Atomic layer deposition
Contact: François NEUILLY
Our Atomic Layer Deposition (ALD, Beneq, TFS 200, Manufactured in Finland) equipement which we brought in July 2009 is physicaly installed in IEMN’s clean room.
ALD, as its initials suggest uses an atomic layer deposit technique. The general principle consists in successively exposing a given surface to different chemical precursors in order to obtain ultra-thin films. The deposit of an atomic layer is carried out in 4 steps :
- Injection of the first gazeous precursor on the substrat’s surface and formation of a monolayer constituated of “chemisorbed” and other “physisorbed” species.
- Purge the reaction chamber with ultra pure nitrogen in order to eliminate any remanent species that have not reacted as well as reaction’s sub-products.
- Injection of the second gazeous precursor on the surface and formation of the layer of the aimed material.
- Purge of the remanent sub-products of the reaction.
The main advantage of this technique is obviously to be able to make very thin layers and of high purity on a considerable amount of materials. Especially, it allows to deposit a mono-layer on a surface presenting very strong aspect ratios. In fact, this caracteristic of the ALD is carriable because the chemical reactions are done on surfaces and separetely.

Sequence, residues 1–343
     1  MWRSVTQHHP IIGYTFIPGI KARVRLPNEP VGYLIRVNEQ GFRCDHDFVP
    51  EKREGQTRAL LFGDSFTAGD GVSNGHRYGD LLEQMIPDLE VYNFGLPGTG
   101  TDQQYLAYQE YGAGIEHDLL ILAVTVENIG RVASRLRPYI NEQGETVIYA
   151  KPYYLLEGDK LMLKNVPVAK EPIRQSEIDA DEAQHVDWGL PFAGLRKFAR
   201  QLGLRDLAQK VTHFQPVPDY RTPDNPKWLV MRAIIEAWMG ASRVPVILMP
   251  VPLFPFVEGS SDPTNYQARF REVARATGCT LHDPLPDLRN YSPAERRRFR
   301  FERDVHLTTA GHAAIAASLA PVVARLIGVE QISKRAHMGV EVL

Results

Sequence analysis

This equipement is constituted of:
- Three liquid sources each containing the following precursors : TMA (Trimethylaluminum), TiCl4 et H2O which each present high vapor pressures.
- Four hot sources each containing the following precursors : TEMAHf (Tertrakis (ethylmethylamino) Hafnium), TaCl5 (Tantalum pentachloride), Zr(Net2)4 (Tetrakis (Diethylamino) Zirconium), MeCpPtMe3 (Trimethyl (methylcyclopentadienyl) Platinum).
The hot sources can the heated up to 300°C in order to increase the vapor pressures of the precursors, the reaction chamber up to 500°C.
This system is equipped with four gas lines: H2, NH3, Ar, O2 than can be used in order to make deposits. Actualy, the TFS 200 comes along with 2 interchangeable reaction chambers, one for thermicaly enhanced deposits (conventional way) and the other one allowing deposits assessed with plasma technique PEALD (Plasma Enhanced Atomic Layer Deposition). This growing technique allows one to carry out deposits at a lower temperature with improved electrical caracteristics. For example, to deposit thermal Al2O3 we will use the TMA precursor and water; water will be replaced by oxygen plasma in the case of an ALD procedure assisted by plasma.